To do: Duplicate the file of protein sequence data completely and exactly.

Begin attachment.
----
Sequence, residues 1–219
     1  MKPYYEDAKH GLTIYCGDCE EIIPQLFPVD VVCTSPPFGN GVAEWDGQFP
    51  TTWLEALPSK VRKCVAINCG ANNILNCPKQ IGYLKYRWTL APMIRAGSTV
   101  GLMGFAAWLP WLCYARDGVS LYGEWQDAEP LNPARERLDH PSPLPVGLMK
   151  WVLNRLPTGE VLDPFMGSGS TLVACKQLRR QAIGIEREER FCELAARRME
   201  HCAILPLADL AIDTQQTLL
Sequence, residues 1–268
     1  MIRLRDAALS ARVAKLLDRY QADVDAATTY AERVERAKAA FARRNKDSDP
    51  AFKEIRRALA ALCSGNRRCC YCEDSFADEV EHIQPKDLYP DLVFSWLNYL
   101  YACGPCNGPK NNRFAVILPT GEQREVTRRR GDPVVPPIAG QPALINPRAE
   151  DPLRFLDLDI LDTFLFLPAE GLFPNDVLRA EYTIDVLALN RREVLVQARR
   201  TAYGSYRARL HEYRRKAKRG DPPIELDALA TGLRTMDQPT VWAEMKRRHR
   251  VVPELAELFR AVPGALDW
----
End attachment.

Sequence, residues 1–219
     1  MKPYYEDAKH GLTIYCGDCE EIIPQLFPVD VVCTSPPFGN GVAEWDGQFP
    51  TTWLEALPSK VRKCVAINCG ANNILNCPKQ IGYLKYRWTL APMIRAGSTV
   101  GLMGFAAWLP WLCYARDGVS LYGEWQDAEP LNPARERLDH PSPLPVGLMK
   151  WVLNRLPTGE VLDPFMGSGS TLVACKQLRR QAIGIEREER FCELAARRME
   201  HCAILPLADL AIDTQQTLL
Sequence, residues 1–268
     1  MIRLRDAALS ARVAKLLDRY QADVDAATTY AERVERAKAA FARRNKDSDP
    51  AFKEIRRALA ALCSGNRRCC YCEDSFADEV EHIQPKDLYP DLVFSWLNYL
   101  YACGPCNGPK NNRFAVILPT GEQREVTRRR GDPVVPPIAG QPALINPRAE
   151  DPLRFLDLDI LDTFLFLPAE GLFPNDVLRA EYTIDVLALN RREVLVQARR
   201  TAYGSYRARL HEYRRKAKRG DPPIELDALA TGLRTMDQPT VWAEMKRRHR
   251  VVPELAELFR AVPGALDW